Hay Fever Symptoms And The Immune System: Acupuncture Produces Lasting Improvement

Hay Fever Symptoms And The Immune System: Acupuncture Produces Lasting Improvement

Research has shown that Acupuncture is a cost-effective, safe and effective allergic rhinitis (hay fever) treatment that produces lasting improvements in symptoms and in the immune system.

The latest research not only demonstrated clear evidence that the immune system changes as a result of Acupuncture. It also showed that this natural intervention continued to improve symptoms for several weeks (even up to 3 months!) after the treatments ceased (1,2).

Can you think of a single pharmaceutical drug that could claim the same? Or even one without harmful side effects that can lead to additional problems? Whereas Acupuncture has a strong reputation as a safe intervention and is considered cost effective in the treatment of hay fever according to a German study (Witt et al, 2009).

According to the research 86.1% of participants showed significant improvement in quality of life and symptoms. Other studies support these results with positive effect rates between 84.6-95.8% (3).

Even 6 months after treatment ceased, although symptoms were starting to creep back slowly, participants in the study were still significantly better than before the study.

A short course of “top up” treatments is recommended if symptoms begin to come back after 3 months. 

The most improved symptoms in this hay fever study were: nasal itch, sneezing, nasal congestion, running nose, unrefreshed sleep and eye itch. In this particular study post-nasal drip and sinus pain did not change.

It is important to note that all prior studies that treated with Acupuncture less than twice a week and less than 12 treatments achieved far inferior results. Acupuncture is dose-dependent, so it is important to commit to the right amount of treatment. In this successful study participants received treatment twice a week for 8 weeks.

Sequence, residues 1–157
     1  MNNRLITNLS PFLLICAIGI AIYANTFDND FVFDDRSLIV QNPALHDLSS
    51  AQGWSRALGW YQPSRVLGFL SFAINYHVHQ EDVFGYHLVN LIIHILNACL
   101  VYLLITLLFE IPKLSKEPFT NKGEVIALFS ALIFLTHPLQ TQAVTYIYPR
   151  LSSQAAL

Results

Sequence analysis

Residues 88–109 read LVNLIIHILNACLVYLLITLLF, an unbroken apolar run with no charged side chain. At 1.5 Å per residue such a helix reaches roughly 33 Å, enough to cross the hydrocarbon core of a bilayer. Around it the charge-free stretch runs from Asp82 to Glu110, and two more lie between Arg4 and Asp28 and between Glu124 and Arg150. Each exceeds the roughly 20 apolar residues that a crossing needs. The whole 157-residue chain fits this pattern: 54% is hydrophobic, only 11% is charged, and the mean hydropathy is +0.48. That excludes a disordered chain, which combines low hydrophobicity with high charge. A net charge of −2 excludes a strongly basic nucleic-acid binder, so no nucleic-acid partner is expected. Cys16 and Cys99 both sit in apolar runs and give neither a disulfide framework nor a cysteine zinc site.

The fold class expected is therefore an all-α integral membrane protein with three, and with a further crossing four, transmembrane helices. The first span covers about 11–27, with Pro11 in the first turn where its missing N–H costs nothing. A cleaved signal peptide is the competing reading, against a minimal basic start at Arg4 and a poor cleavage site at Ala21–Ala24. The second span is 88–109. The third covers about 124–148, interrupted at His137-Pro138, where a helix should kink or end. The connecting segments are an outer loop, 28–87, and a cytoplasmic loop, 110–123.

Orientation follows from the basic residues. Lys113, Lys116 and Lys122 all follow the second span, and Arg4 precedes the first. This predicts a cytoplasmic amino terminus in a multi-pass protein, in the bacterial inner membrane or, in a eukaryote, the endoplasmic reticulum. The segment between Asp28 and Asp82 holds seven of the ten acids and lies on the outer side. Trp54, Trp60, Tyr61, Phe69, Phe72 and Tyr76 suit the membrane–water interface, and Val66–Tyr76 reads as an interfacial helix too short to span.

References:
1.
McDonald, J.L., Cripps, A.W., Smith, P.K., Smith, C.A., Xue, C.C. & Golianu, B. (2016) Effect of acupuncture on house dust mite specific IgE, substance P, and symptoms in persistent allergic rhinitis Annals of Allergy, Asthma & Immunology (116),6: 497–505

http://dx.doi.org/10.1016/j.anai.2016.04.002

2. McDonald, J.L., Cripps, A.W., Smith, P.K., Smith, C.A., Xue, C.C. & Golianu, B. (2013) The Anti-inflammatory Effects of Acupuncture and Their Relevance to Allergic Rhinitis: A Narrative Review and Proposed Model. Evidence-Based Complementary and Alternative Medicine, Vol 2013, Article ID 591796.

http://www.hindawi.com/journals/ecam/2013/591796/

3. McDonald, J.L., Cripps, A.W., Smith, P.K. (2015) Mediators, Receptors and Signalling Pathways in the Anti-Inflammatory and Antihyperalgesic Effects of Acupuncture. Evidence-Based Complementary and Alternative Medicine, Vol 2015, Article ID 975632.

http://www.hindawi.com/journals/ecam/2015/975632/